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HANSLEY v. THE STATE.
S96A1126.
CARLEY, Justice.
Murder. Telfair Superior Court. Before Judge West.
Delery Montreal Hansley was tried before a jury and found guilty of malice murder. He appeals from the judgment of conviction and sentence of life imprisonment entered by the trial court on the jury's guilty verdict. 1
1. On the night of the homicide, Hansley and the victim, each accompanied by friends, met outside a club. After a fight started, Hansley shot and killed the victim. Hansley enumerates the denial of his motion for directed verdict, contending that the State failed to prove malice. However, the State's evidence shows that Hansley, who had fought with the victim before, left the fight to get a gun from a friend's car, yelled that the victim would not get away this time, and fired several shots at the victim, who was attempting to enter his car. This evidence was more than sufficient to prove malice. Watkins v. State, 264 Ga. 657, 658 (449 SE2d 834) (1994); Balom v. State, 245 Ga. 367, 368 (265 SE2d 21) (1980). A rational trier of fact was authorized to find proof, beyond a reasonable doubt, of Hansley's guilt of malice murder. Jackson v. Virginia, 443 U. S. 307 (99 SC 2781, 61 LE2d 560) (1979).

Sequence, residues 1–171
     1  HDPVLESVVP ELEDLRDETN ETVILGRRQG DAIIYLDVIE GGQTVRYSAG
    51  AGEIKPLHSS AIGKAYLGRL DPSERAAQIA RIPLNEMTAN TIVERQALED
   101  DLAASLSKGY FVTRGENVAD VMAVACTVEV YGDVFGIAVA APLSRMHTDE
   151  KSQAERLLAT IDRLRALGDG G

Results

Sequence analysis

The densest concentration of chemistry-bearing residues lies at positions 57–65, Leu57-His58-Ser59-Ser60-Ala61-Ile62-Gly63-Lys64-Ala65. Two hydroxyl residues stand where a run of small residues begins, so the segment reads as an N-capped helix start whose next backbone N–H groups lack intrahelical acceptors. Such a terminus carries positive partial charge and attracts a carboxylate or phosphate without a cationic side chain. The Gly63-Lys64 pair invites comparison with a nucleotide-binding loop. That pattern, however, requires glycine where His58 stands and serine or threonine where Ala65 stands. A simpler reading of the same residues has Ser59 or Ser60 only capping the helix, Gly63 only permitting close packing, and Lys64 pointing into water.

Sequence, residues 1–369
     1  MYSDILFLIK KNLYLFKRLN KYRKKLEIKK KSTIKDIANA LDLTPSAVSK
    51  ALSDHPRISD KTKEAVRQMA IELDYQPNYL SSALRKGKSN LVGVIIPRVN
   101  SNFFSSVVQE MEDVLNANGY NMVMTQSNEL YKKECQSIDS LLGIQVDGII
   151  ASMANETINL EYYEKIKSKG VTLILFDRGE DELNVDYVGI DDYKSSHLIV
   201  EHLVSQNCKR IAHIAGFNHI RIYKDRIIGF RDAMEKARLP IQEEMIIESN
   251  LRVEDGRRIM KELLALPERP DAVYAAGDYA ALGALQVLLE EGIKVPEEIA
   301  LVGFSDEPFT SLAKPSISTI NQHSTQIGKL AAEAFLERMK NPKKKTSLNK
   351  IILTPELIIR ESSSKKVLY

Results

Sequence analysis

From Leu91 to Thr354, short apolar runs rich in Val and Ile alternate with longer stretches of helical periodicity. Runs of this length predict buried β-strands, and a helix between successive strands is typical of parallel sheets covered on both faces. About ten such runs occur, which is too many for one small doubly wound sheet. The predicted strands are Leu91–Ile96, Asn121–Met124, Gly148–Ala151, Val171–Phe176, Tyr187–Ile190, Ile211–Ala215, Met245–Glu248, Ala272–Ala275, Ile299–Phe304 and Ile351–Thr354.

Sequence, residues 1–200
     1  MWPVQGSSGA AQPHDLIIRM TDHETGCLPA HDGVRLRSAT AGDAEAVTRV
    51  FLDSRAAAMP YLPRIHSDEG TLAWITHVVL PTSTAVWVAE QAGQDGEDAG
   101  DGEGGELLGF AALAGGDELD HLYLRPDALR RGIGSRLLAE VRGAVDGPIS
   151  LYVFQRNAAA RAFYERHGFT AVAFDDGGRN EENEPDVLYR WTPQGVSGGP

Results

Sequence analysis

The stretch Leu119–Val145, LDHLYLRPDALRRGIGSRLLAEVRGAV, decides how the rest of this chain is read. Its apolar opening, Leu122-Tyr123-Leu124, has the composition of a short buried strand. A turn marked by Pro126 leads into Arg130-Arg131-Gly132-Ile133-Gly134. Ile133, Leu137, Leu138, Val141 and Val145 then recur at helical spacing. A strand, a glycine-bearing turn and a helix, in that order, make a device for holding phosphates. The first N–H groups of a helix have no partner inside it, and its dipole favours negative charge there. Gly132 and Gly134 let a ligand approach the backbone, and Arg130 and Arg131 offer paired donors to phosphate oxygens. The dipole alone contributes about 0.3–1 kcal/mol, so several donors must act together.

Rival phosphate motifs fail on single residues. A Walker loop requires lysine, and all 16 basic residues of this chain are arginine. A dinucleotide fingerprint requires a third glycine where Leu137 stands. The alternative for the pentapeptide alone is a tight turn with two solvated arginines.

2. Hansley challenged the array of the traverse jury, contending that, in this particular case, the random, computerized method of choosing the jury panels from the jury pool did not produce a representative cross-section of the citizens of the county. Hansley enumerates as error the trial court's failure to sustain this challenge. Hansley has not demonstrated any flaw in the jury selection process and has not carried his burden of showing purposeful discrimination. Thus, we find no error. Jewell v. State, 261 Ga. 861, 862 (3) (413 SE2d 201) (1992).
3. Hansley contends that the trial court erred in denying his motion for mistrial. When a witness for the State was asked if he was familiar with the murder weapon, he volunteered that he had previously seen Hansley pull it on one of the witness's friends. Hansley unsuccessfully moved for mistrial on the basis that this testimony placed his character in issue. A nonresponsive answer that impacts negatively on a defendant's character does not improperly place the defendant's character in issue. Accordingly, the trial court, in the exercise of its broad discretion in ruling on motions for mistrial, did not err in denying Hansley's motion. Eagle v. State, 264 Ga. 1, 2 (2) (440 SE2d 2) (1994); Jones v. State, 212 Ga. App. 473, 474 (442 SE2d 20) (1994).
Notes
1  The homicide occurred on July 30, 1994 and Hansley was indicted on October 17, 1994. The guilty verdict was returned on April 27, 1995 and the judgment of conviction and life sentence also were entered on that day. Hansley's motion for new trial was filed on June 5, 1995 and denied on March 20, 1996. His notice of appeal was filed on March 22, 1996 and the case then was docketed in this Court on April 8, 1996. On June 3, 1996, the appeal was submitted for decision on briefs.
Timothy G. Vaughn, District Attorney, Russell P. Spivey, Assistant District Attorney, Michael J. Bowers, Attorney General, Wesley S. Horney, Assistant Attorney General, for appellee.
Straughan & Straughan, William T. Straughan, for appellant.
DECIDED JULY 15, 1996.
Thursday May 21 05:37 EDT


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